The skills he learned there helped Baker lead his Hampton High School team to a state title in 1989 and earned him over 20 Division I scholarship offers. He’s currently a Nike Skills Development trainer and director and is the author of 25 top-selling basketball DVDs.
He’s also an expert when it comes to how streetball’s version of pick-up has changed the game.
“I’ve got nothing against the And1 players,” Baker said. “I think those guys are very talented and phenomenal, but the streetball I promote is less individualized and more team oriented.
“More like the true game.”
And that’s the kind of streetball Ganon played: less for entertainment, more for pride and skill enhancement.
“With streetball, a lot of it’s played outside,” Ganon said. “So you’re shooting a lot of times in the sun, against the wind. You’re freezing cold and maybe even it’s rainy. You’ve got to learn to play against those conditions and if you can, then inside the gym is easy.”
With the increased exposure of the highlight reel that is the current version of streetball; Ganon said there’s less emphasis being placed on what pick-up basketball is really about: Proving you’ve got game in the context of winning, not breaking someone’s ankles with a crossover or dunking on someone.
“The score is tied 9-9 and you’ve got to get a good shot or you’re going to lose,” Ganon said. “So you’re forced to take a good shot, you’re forced to execute, you’re forced to set up a two-man game or play off the post and defensively, you know you can’t give up anything easy.
“(When you do those things) there’s your sense of pride, that’s where you’re glorified.
“Kids have lost a sense of competing,” he added. “Now it’s more, let me show you what I’ve got.”
Current New Jersey Net and former Orlando Magic player Rafer “Skip to my Lou” Alston is the most notable and the most current pure streetball player to make the jump to the NBA. While streetballers’ talent can’t be denied, the individualized way in which their game is played doesn’t translate well onto the college or pro courts.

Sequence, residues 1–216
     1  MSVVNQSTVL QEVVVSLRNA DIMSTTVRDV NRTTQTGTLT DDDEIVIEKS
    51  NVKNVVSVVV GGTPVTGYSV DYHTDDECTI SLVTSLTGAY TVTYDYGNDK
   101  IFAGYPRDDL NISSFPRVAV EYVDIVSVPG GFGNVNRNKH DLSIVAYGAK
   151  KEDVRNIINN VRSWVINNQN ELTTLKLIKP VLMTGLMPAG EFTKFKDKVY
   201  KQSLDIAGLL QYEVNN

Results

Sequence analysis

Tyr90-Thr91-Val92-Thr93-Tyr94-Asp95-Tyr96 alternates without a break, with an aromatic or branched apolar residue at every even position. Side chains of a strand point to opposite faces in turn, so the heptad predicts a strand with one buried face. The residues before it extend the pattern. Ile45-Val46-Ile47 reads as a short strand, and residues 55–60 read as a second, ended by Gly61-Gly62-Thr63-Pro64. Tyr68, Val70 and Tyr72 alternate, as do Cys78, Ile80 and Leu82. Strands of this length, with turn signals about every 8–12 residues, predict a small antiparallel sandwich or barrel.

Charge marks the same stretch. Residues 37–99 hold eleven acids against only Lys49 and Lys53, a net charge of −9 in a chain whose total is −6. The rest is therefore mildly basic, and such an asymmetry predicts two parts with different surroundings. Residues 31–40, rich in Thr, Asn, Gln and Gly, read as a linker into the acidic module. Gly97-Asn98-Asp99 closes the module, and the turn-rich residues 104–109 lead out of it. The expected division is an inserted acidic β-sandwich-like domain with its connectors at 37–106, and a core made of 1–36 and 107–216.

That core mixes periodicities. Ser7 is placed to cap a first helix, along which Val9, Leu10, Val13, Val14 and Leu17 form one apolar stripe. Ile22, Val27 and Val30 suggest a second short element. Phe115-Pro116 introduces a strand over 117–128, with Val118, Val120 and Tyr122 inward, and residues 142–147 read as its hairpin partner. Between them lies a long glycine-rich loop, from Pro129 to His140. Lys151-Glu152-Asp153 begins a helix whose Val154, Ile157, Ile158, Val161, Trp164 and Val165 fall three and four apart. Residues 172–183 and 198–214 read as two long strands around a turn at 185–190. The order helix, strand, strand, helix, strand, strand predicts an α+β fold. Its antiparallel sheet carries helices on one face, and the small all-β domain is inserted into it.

“(Rafer) Alston didn’t do AND1 mix tape highlights against Kobe (Bryant in the NBA Finals),” said East Hall boys basketball coach Joe Dix. “Fundamentally, those things can get you in trouble in the real organized games.”
Pick-up with a purpose
Dix wants his East Hall players to play as much pick-up basketball as possible, under certain conditions.
“I tell them to play against guys that are tougher than them,” Dix said. “Former players who play regularly and are out there to compete, not show each other up.
“I want them to play to win because then that mentality is instilled,” he added. “Our pick-up games are serious business.”
What is a recreational endeavor for most serves a greater purpose for high school and college players, or those hoping to become either or both.
It’s a chance to, without a coach watching and dissecting or a region championship hanging in the balance, work on the aspects of the game that will better prepare a player for real-game situations.
“Coaches’ systems aren’t built around the way streetballers play,” Baker said. “So it’s imperative that coaches make sure their kids are playing in an environment where people know how to play. An environment that will foster skill growth.”
“I’ve got a couple of guys I’ve talked to about learning to put the ball on the floor and create for themselves,” Dix said. “There are a couple other players who need to learn to push the tempo and the ball up the floor.
“Playing pick-up in the summer or offseason is where they should learn these type things, in game situations, so that they can then be applied when the real season starts.”